IDEAS home Printed from https://ideas.repec.org/
MyIDEAS: Login to save this paper or follow this series

Why Did Abolishing Fees Not Increase Public School Enrollment in Kenya?- Working Paper 271

  • Tessa Bold, Mwangi Kimenyi, Germano Mwabu, Justin Sandefur

A large empirical literature has shown that user fees significantly deter public service utilization in developing countries. While most of these results reflect partial equilibrium analysis, we find that the nationwide abolition of public school fees in Kenya in 2003 led to no increase in net public enrollment rates, but rather a dramatic shift toward private schooling. Results suggest this divergence between partial- and general-equilibrium effects is partially explained by social interactions: the entry of poorer pupils into free education contributed to the exit of their more affluent peers.

If you experience problems downloading a file, check if you have the proper application to view it first. In case of further problems read the IDEAS help page. Note that these files are not on the IDEAS site. Please be patient as the files may be large.

File URL: http://www.cgdev.org/files/1425590_file_Sandefur_School_Fees_Kenya_FINAL.pdf
Download Restriction: no

Paper provided by Center for Global Development in its series Working Papers with number 271.

as
in new window

Length: 26 pages
Date of creation: Nov 2011
Date of revision:
Handle: RePEc:cgd:wpaper:271
Contact details of provider: Web page: http://www.cgdev.org

References listed on IDEAS
Please report citation or reference errors to , or , if you are the registered author of the cited work, log in to your RePEc Author Service profile, click on "citations" and make appropriate adjustments.:

as in new window
  1. Paul Schultz, T., 2004. "School subsidies for the poor: evaluating the Mexican Progresa poverty program," Journal of Development Economics, Elsevier, vol. 74(1), pages 199-250, June.
  2. Jessica Cohen & Pascaline Dupas, 2010. "Free Distribution or Cost-Sharing? Evidence from a Randomized Malaria Prevention Experiment," The Quarterly Journal of Economics, MIT Press, vol. 125(1), pages 1-45, February.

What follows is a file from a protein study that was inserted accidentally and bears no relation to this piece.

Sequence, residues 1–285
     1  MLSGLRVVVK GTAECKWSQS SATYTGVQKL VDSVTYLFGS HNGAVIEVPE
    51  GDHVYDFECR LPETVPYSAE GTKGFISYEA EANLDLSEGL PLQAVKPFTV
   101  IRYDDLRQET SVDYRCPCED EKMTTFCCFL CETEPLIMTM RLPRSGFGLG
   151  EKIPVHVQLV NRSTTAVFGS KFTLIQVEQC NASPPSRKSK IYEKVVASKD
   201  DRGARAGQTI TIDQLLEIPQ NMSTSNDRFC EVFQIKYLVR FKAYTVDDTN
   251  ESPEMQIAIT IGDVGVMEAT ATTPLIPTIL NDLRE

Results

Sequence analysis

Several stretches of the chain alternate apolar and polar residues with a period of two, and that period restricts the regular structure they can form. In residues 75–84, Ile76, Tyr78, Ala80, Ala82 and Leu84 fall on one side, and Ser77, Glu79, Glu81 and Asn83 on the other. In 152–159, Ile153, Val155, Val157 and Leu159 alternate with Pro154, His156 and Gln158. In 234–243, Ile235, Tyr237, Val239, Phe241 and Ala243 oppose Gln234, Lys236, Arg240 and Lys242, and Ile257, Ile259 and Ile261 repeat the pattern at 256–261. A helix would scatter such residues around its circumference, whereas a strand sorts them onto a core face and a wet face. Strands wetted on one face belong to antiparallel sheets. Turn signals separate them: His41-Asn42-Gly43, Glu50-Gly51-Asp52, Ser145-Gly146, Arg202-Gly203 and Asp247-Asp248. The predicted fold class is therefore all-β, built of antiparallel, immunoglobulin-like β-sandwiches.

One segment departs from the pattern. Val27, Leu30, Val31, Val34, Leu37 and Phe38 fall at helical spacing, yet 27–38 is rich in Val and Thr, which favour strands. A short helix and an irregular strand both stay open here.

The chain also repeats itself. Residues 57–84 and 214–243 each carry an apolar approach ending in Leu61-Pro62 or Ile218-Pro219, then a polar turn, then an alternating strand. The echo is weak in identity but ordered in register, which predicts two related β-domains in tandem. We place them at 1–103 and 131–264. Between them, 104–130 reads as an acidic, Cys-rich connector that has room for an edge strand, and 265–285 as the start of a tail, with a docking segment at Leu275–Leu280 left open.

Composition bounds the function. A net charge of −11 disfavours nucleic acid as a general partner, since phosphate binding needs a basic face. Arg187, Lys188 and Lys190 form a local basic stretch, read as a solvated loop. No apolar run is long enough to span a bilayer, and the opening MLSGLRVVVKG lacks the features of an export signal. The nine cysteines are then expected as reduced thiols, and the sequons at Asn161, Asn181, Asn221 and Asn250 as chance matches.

3. Nava Ashraf & James Berry & Jesse M. Shapiro, 2010. "Can Higher Prices Stimulate Product Use? Evidence from a Field Experiment in Zambia," American Economic Review, American Economic Association, vol. 100(5), pages 2383-2413, December.
  4. Thomas Cornelissen & Katja Sonderhof, 2009. "Partial effects in probit and logit models with a triple dummy-variable interaction term," Stata Journal, StataCorp LP, vol. 9(4), pages 571-583, December.
  5. Ai, Chunrong & Norton, Edward C., 2003. "Interaction terms in logit and probit models," Economics Letters, Elsevier, vol. 80(1), pages 123-129, July.
  6. Ritva Reinikka & Jakob Svensson, 2004. "Local Capture: Evidence From a Central Government Transfer Program in Uganda," The Quarterly Journal of Economics, MIT Press, vol. 119(2), pages 678-704, May.
  7. Jeffrey M. Wooldridge, 2001. "Econometric Analysis of Cross Section and Panel Data," MIT Press Books, The MIT Press, edition 1, volume 1, number 0262232197, June.
Full references (including those not matched with items on IDEAS)

This item is not listed on Wikipedia, on a reading list or among the top items on IDEAS.

When requesting a correction, please mention this item's handle: RePEc:cgd:wpaper:271. See general information about how to correct material in RePEc.

For technical questions regarding this item, or to correct its authors, title, abstract, bibliographic or download information, contact: (David Roodman)

The email address of this maintainer does not seem to be valid anymore. Please ask David Roodman to update the entry or send us the correct address

If you have authored this item and are not yet registered with RePEc, we encourage you to do it here. This allows to link your profile to this item. It also allows you to accept potential citations to this item that we are uncertain about.

If references are entirely missing, you can add them using this form.

If the full references list an item that is present in RePEc, but the system did not link to it, you can help with this form.

If you know of missing items citing this one, you can help us creating those links by adding the relevant references in the same way as above, for each refering item. If you are a registered author of this item, you may also want to check the "citations" tab in your profile, as there may be some citations waiting for confirmation.

Please note that corrections may take a couple of weeks to filter through the various RePEc services.

This information is provided to you by IDEAS at the Research Division of the Federal Reserve Bank of St. Louis using RePEc data.